If ##Γ_\mu(x)## the connection compatible with metric ##g(x)## whose curvature is not zero. then parallel propagator ##P(x,x_0)## is path dependent. but because ##g(x)## is a field, So ##P(x,x_0)g(x_0)P^T(x,x_0)## must be path independent. The only possible parallel propagator should take such a form:

$$P(x,x_0)=A(x)P'(x,x_0)=A(x)\mathcal{P}\exp\int^x_{x_0}\Gamma'_\mu(x)dx^\mu$$

Here ##A(x)## is a matrix function. We demand the curvature of ##\Gamma'_\mu(x)## is not zero. ##R(\Gamma'_\mu)\neq 0## and:

$$P'(x,x_0)g(x_0)P'^T(x,x_0)=g(x_0)$$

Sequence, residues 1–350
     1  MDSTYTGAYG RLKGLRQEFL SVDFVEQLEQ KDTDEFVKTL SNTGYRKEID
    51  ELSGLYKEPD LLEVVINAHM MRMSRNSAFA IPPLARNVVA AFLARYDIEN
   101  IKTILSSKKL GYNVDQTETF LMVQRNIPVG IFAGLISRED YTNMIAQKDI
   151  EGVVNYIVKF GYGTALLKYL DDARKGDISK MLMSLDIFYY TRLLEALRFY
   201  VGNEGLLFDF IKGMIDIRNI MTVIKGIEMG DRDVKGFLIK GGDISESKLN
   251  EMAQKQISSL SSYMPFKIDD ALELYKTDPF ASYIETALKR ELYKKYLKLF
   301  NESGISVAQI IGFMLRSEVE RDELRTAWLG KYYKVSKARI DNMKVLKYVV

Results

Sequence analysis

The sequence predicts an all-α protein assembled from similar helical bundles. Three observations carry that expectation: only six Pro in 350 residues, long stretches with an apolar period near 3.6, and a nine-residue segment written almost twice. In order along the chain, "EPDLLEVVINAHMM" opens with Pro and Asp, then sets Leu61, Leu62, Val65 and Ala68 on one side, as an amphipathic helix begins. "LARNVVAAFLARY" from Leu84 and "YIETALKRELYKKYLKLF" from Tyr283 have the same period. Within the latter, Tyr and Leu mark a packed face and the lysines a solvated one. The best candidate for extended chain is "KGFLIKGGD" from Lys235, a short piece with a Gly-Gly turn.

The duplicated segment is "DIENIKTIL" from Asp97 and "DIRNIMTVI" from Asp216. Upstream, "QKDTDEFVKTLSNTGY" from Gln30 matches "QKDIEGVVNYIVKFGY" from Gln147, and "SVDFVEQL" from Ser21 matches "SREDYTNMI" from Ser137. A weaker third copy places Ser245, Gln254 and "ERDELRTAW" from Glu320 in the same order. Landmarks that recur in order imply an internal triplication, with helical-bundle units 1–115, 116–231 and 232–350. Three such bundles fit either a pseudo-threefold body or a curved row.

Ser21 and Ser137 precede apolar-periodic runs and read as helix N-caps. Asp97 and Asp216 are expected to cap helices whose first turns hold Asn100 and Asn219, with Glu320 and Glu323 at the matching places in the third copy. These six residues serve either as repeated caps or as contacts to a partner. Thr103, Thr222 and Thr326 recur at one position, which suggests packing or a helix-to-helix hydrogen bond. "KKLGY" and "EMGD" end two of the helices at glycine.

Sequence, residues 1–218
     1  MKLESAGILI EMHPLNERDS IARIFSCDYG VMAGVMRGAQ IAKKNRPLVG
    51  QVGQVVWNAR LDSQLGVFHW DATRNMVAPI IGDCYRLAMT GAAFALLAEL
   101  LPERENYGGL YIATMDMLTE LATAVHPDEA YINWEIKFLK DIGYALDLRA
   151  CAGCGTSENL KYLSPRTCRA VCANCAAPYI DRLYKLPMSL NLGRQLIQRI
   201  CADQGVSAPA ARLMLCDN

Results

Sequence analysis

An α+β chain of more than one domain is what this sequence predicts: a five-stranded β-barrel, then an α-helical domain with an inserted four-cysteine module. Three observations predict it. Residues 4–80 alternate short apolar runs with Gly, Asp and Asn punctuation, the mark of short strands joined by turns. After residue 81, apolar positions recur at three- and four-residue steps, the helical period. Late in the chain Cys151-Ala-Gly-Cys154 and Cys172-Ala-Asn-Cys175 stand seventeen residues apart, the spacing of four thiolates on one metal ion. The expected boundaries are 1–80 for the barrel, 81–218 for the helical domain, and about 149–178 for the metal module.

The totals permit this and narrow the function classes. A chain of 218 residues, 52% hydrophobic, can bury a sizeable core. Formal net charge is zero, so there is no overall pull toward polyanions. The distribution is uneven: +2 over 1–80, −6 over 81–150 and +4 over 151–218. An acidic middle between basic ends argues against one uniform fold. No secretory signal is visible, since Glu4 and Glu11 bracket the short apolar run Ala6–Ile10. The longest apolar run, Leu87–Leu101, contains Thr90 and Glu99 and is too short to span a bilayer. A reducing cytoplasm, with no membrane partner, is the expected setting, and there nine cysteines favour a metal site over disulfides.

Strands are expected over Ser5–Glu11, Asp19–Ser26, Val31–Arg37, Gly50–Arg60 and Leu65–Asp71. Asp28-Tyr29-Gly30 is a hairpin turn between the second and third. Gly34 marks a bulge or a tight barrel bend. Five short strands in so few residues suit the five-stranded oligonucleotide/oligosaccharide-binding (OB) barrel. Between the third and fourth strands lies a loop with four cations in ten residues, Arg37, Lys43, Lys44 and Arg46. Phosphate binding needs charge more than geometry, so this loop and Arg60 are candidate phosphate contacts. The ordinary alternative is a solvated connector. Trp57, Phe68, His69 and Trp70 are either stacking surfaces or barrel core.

Then we can get a path dependent parallel propagator and a metric field at the same time. The connection is:##\partial_\mu A(x) A^{-1}(x)+A(x)\Gamma’_\mu(x) A^{-1}(x)##

The metric is only determined by the matrix function ##A(x)##, ##g(x)= A(x) g(x_0)A^T(x)## and has nothing to do with the path dependent part ##P'(x,x_0)##. Then I have some quertions:

1. It seems that for any metric field there exist connections with zero curvature compatible with it. is it true?

2. Although there exist connections compatible with a metric field whose curvature is not 0. But in the definition of the metric field, the path dependent part ##P'(x,x_0)## was canceled. So we can get a metric field (path independent) at the same time a path dependent parallel propagator. Then how can we get a non-zero curvature connection purely from a metric field?